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Ultrastructural observations on the shell membrane of the North American opossum (Didelphis virginiana).

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THE ANATOMICAL RECORD 207:335-338 (1983)
Ultrastructural Observations on the Shell Membrane of the
North American Opossum (Didelphis virginiana)
Department ofAnatomy, School of Medicine, University of MissouriColumbia, Columbia, MO 65212
Each developing opossum embryo is surrounded by a shell
membrane which completely separates embryonic and maternal tissues. During the eighth and ninth prenatal days, the embryos together with their
limiting shell membranes float freely within the uterine lumen, surrounded
only by the secretions of the uterus. The shell membrane is transparent,
nonelastic, tough, and capable of extreme deformation. It consists of a mat of
interwoven fibers which vary in external diameter, are electron dense, and
show no apparent substructure. The morphology and arrangement of component fibers are similar throughout the width of the shell membrane.
After ovulation, the metatherian egg remains in the oviduct for about 24 hr before it
enters the uterus; during this short transit
period, the egg is fertilized by a single spermatozoon. Although the sperm are paired,
both in the epididymis and in the female
reproductive tract of Didelphis (Biggers and
Delamater, 1965; Krause and Cutts, 1979)
the sperm-pairs always separate prior to fertilization (McCrady, 1938). A corona radiata
is not present and the metatherian egg initially is surrounded only by a zona pellucida.
Following fertilization, a second layer, consisting primarily of acid mucopolysaccharides, is laid down around the zona pellucida.
This second layer is the product of glandular
secretions of the oviduct (McCrady, 1938;
Tyndale-Biscoe, 1975).As the fertilized ovum
passes along the remainder of the oviduct,
spermatozoa may become embedded within
the substance of this layer. In Dasyurus viw
errinus, a n Australian marsupial, the second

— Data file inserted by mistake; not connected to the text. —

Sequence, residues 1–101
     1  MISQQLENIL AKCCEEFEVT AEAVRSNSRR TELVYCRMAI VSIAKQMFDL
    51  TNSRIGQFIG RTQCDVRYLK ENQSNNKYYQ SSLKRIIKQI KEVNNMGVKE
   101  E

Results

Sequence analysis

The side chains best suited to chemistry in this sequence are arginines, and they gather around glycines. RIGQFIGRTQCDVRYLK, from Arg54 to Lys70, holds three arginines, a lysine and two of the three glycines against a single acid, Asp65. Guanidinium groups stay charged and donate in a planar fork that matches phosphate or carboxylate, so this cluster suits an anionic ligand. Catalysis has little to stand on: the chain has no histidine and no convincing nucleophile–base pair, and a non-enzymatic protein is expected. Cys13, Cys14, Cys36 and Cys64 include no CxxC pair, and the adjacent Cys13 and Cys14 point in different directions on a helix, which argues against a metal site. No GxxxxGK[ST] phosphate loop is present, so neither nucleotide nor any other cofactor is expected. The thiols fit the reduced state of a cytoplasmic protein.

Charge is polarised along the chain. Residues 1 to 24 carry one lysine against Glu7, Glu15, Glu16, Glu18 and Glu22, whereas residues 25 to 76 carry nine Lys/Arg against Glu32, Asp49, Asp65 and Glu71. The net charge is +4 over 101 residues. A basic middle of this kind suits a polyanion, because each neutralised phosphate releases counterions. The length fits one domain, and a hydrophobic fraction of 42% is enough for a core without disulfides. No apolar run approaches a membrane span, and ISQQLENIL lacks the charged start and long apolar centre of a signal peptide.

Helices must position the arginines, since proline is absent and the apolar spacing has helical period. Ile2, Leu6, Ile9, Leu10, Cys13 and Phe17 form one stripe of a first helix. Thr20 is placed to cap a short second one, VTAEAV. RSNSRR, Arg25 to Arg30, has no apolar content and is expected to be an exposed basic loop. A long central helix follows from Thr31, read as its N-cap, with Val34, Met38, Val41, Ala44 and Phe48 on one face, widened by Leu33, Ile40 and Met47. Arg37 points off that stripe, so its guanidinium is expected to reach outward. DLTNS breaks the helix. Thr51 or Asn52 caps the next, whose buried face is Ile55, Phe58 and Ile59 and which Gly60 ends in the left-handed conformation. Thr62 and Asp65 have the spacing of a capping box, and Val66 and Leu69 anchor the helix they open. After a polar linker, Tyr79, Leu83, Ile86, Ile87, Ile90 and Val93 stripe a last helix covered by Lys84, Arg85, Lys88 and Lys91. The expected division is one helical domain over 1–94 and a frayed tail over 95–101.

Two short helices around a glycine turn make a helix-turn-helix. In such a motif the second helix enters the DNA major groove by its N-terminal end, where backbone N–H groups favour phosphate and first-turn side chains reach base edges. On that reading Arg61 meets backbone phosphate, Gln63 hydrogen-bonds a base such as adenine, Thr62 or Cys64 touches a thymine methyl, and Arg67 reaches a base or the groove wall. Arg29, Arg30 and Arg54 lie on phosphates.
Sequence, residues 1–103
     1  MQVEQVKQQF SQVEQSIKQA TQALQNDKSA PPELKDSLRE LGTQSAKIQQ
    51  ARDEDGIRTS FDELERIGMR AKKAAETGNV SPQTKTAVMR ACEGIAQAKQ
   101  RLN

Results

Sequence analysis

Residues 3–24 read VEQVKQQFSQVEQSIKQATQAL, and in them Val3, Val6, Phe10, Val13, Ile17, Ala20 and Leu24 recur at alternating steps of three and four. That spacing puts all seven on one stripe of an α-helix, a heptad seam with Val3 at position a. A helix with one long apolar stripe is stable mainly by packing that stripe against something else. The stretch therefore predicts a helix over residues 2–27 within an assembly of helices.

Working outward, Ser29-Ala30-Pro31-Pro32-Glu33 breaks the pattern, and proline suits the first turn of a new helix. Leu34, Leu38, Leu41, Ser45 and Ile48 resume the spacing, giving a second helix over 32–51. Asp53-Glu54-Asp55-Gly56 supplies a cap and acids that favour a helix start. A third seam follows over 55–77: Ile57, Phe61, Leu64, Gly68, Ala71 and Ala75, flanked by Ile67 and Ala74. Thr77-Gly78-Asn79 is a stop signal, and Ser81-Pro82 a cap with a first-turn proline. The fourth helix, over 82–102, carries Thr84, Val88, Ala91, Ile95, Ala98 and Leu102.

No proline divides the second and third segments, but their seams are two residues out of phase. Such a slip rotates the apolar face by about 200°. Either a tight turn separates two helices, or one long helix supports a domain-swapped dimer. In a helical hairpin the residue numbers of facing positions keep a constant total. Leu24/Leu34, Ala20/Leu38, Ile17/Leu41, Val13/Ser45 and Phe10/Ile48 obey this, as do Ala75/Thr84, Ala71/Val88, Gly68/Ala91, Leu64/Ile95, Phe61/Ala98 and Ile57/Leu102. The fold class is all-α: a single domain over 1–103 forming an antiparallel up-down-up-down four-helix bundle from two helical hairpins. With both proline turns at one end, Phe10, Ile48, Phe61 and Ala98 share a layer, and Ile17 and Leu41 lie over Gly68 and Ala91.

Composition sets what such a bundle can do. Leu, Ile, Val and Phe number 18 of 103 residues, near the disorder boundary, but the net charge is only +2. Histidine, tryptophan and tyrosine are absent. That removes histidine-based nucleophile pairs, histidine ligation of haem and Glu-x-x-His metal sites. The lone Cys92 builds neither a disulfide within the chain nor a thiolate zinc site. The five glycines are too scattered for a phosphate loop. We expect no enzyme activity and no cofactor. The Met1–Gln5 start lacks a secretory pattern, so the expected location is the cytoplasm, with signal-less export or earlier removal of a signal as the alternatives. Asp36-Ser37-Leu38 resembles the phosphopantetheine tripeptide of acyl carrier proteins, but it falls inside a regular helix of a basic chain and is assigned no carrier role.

layer may measure 1.5-8.0 pm in thickness.
A similar coat of mucopolysaccharide has
been described about the ovum of the rabbit
(Tyndale-Biscoe, 1975).
The metatherian egg, unlike that of the
eutherian, becomes surrounded by a third
layer, the shell membrane, which also is
thought to be produced by secretory cells in
the distal oviduct (Hartman, 1916; Anderson,
1928). In the Australian form, Trichosurus
vulpecula, the shell membrane is reported to
be keratinous in nature, and nonelastic but
0 1983 ALAN R. LISS, INC.
capable of extreme attenuation (Tyndale-Biscoe, 1975).It is said to be resistant to enzyme
digestion (Hughes, 1977)and apparently does
not act as a barrier for the passage of most
large molecules to and from the surrounding
uterine fluid (Hughes and Shorey, 1971). In
most marsupials it persists between the
forming fetal membranes and the maternal
uterine epithelium until late in gestation.
The ultrastructure of the shell membrane
has not been reported previously in Didelphis virginiana or any other didelphid marsupial. Even in the Australian forms, the
structure of the shell membrane has been
described only in passing, primarily during
the very early stages of development. The
present study reports the light-, scanning-,
and transmission electron microscopic observations of the shell membrane in the North
American opossum late in the gestation
Fifteen embryos were collected, the approximate ages of which were determined from
timed pregnancies. Wild female opossums,
carrying litters, were stripped of their pouch
young and placed in breeding pens with continuous access to males. The females usually
reenter into estrus within a week after removal of the young and a sperm-positive date
was obtained by examining vaginal smears
Received March 14,1983; accepted June 2, 1983.
a t 24-hr intervals. The embryos were collected during the last third of the eighth, and
first third of the ninth prenatal day. Three
adult female opossums were killed by ether
anesthesia and the uteri removed and
opened. The embryos appeared as clear
spheres floating freely within the uterine lumen, and were recovered intact by tipping
the uterine contents into fixative. The specimens were fixed for 4 hr a t room temperature, in 3.0% glutaraldehyde buffered in 0.1
M phosphate to a pH of 7.4, after which the
tissues were transferred to 0.1 M phosphate
buffer for 2 hr, then osmicated for 2 hr in
1.0% osmium tetroxide in 0.1 M phosphate.
After washing in the phosphate buffer and
dehydrating through a series of graded
ethanol solutions, specimens for scanning
electron microscopy were critically point
dried by liquid COz substitution in a Bomar
critical point dryer, mounted on spinner
stubs, and coated with gold to a depth of 20
nm in a Polaron SEM coating unit. The specimens were viewed in a JOEL-35 scanning
electron microscope operated a t 20 kV.
Tissues for transmission electron microscopy were dehydrated through ethanol solutions, cleared in propylene oxide, and infiltrated with and embedded in Epon 812. Thin
sections of this material, mounted on uncoated grids and stained with uranyl acetate
and lead citrate, were examined in a Phillips
300 electron microscope operated a t 60 kV.
Thick sections (0.3-2.0 pm) of the Eponembedded material were examined by light
microscopy after staining with toluidine blue.
Each uterus contained several transparent, fluid-filled spheres approximately 6.5